Title: Effect of toll-like receptor activation on thymosin beta-4 production by chicken macrophages Authors
|Kannan, Lakshmi -|
|Liyanage, Rohana -|
|Lay, Jackson -|
Submitted to: Molecular and Cellular Biochemistry
Publication Type: Peer Reviewed Journal
Publication Acceptance Date: June 21, 2010
Publication Date: July 8, 2010
Citation: Kannan, L., Rath, N.C., Liyanage, R., Lay, Jr., J.O. 2010. Effect of toll-like receptor activation on thymosin beta 4 production by chicken macrophages. Molecular and Cellular Biochemistry. 344(1-2):55-63. Interpretive Summary: Thymosin beta 4 (Tb4) is a small peptide present in all cells. It is known to help in wound healing. However, it is not clear how this peptide is released from the cell to help in healing the process. Using a type of chicken immune cells grown in culture, we used chemicals to cause these cells to release Tb4. This research provides a mechanism on how local wound healing may be possible.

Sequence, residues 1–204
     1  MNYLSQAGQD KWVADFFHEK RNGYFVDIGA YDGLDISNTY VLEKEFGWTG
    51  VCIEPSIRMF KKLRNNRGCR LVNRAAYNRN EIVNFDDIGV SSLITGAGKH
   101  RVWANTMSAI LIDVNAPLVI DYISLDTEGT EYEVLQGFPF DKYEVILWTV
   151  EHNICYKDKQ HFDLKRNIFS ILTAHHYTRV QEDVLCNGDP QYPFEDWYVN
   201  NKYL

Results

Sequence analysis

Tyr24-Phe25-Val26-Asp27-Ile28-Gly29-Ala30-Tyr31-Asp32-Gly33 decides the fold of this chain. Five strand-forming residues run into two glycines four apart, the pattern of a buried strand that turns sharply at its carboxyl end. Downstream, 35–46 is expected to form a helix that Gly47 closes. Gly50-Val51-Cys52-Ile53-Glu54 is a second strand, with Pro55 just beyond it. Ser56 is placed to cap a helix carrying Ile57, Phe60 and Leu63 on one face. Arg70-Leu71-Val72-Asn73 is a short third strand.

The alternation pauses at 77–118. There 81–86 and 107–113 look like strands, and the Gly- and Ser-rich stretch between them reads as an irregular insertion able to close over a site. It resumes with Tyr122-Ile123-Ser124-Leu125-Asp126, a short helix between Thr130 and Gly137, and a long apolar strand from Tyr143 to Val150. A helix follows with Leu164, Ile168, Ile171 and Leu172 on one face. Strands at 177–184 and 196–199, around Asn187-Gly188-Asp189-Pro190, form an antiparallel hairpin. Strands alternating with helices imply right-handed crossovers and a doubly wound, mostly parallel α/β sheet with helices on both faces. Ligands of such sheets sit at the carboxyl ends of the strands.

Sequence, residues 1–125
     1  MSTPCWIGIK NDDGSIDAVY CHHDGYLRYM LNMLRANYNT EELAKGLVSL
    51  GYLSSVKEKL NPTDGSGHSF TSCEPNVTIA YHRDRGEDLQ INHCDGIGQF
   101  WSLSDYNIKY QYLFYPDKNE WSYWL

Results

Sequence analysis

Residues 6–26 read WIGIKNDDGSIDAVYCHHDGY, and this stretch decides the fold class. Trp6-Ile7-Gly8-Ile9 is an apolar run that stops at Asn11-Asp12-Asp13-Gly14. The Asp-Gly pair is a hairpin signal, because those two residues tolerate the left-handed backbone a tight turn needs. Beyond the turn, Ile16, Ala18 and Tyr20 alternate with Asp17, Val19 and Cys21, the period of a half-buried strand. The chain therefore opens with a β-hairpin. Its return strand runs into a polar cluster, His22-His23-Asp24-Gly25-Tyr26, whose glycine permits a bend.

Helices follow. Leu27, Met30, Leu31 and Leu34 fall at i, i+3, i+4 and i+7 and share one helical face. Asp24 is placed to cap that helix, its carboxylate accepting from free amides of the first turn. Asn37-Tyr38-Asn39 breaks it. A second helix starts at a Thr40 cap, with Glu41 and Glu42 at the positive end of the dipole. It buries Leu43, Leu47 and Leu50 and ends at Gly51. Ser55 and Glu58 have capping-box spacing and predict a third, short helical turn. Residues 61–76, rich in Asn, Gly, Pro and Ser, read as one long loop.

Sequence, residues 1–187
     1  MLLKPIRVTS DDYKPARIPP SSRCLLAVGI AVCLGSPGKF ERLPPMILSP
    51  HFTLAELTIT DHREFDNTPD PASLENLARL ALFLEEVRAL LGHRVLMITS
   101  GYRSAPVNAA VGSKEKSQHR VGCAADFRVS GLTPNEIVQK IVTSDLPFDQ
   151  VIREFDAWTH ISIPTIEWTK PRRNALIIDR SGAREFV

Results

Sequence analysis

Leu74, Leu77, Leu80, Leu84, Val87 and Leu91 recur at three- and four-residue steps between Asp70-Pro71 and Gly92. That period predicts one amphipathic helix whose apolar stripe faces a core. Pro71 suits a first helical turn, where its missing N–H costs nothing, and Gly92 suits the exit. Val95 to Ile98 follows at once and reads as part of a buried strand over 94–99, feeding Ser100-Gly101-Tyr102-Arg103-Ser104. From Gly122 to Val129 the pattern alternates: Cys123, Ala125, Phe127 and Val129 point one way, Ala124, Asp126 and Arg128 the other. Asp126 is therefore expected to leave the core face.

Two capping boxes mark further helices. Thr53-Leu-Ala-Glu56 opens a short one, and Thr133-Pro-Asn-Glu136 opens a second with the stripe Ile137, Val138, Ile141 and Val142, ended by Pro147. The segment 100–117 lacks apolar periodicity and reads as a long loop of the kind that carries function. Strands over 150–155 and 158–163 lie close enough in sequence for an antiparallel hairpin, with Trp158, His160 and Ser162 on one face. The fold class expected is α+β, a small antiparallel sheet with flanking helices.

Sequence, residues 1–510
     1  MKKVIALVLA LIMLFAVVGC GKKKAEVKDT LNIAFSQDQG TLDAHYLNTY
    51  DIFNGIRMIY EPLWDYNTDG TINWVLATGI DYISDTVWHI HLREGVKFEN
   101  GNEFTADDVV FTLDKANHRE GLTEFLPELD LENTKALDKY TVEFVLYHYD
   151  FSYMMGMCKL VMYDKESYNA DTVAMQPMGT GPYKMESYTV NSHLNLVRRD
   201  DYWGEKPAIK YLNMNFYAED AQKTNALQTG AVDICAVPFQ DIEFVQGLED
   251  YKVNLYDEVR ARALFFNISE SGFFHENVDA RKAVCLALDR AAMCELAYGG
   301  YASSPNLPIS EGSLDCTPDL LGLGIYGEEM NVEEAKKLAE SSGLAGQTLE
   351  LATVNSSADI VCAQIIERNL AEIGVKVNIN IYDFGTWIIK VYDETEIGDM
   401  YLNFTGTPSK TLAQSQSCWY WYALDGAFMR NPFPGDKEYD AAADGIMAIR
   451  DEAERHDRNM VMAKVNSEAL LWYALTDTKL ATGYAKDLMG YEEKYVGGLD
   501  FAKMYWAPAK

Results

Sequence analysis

Technical Abstract: Thymosin beta 4 (Tb4) is an actin binding intracellular peptide that promotes wound healing, tissue remodeling, and angiogenesis. The regulation of Tb4 secretion to the extracellular environment is not understood. The macrophage is a rich source of Tb4 which also participates in wound healing process. Hence, the objective of this study was to find how Tb4 may be externalized. Using activation of macrophage through their toll-like receptors (TLR), the changes in cellular Tb4 were studied. Chicken HTC cells were treated with different TLR agonists and the cellular Tb4 changes was determined at 6 and 24 h after stimulations using stable isotope labelling of amino acids in cell culture (SILAC) and mass spectrometry. Real time PCR was used to determine changes in gene expression. The results showed that TLR agonists such as peptidoglycan or LPS caused depletions in cellular Tb4 peptide along with its detection in the cell culture supernatant at 24 h. These TLR agonists also induced the expression of interleukins-1b,-6, and nitric oxide synthase genes at 6 h but failed to modulate Tb4 gene expression indicating that the Tb4 externalization was not associated with its production. To find how Tb4 could have externalized, we determined lactate dehydrogenase (LDH) activity of the conditioned media as a measure of cell death. The results showed that the TLR agonists which induced depletion of intracellular Tb4 at 24 h also caused increases in LDH content of the conditioned media, suggesting that the Tb4 in the extracellular media originated from dying macrophages.